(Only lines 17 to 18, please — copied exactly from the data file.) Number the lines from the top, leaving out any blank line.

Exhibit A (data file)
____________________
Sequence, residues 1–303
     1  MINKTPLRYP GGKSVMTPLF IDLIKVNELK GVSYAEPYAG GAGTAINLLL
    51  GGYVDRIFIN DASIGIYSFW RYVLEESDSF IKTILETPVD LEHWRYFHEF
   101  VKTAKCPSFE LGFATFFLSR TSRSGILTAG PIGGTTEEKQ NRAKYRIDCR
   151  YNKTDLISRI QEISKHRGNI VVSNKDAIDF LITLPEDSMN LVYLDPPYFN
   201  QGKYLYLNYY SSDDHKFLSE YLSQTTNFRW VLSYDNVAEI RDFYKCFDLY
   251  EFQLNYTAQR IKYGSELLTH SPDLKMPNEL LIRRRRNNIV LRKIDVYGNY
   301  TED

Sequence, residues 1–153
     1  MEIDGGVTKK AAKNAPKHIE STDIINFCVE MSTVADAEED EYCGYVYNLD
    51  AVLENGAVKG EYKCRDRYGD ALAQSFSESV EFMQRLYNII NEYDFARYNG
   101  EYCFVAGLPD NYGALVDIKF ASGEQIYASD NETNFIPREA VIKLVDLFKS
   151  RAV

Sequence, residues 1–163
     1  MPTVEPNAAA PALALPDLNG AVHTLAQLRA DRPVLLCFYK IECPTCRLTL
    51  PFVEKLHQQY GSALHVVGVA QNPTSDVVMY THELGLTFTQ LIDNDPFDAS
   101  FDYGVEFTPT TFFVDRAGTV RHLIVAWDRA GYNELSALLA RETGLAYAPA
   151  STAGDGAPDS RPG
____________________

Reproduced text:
   101  FDYGVEFTPT TFFVDRAGTV RHLIVAWDRA GYNELSALLA RETGLAYAPA
   151  STAGDGAPDS RPG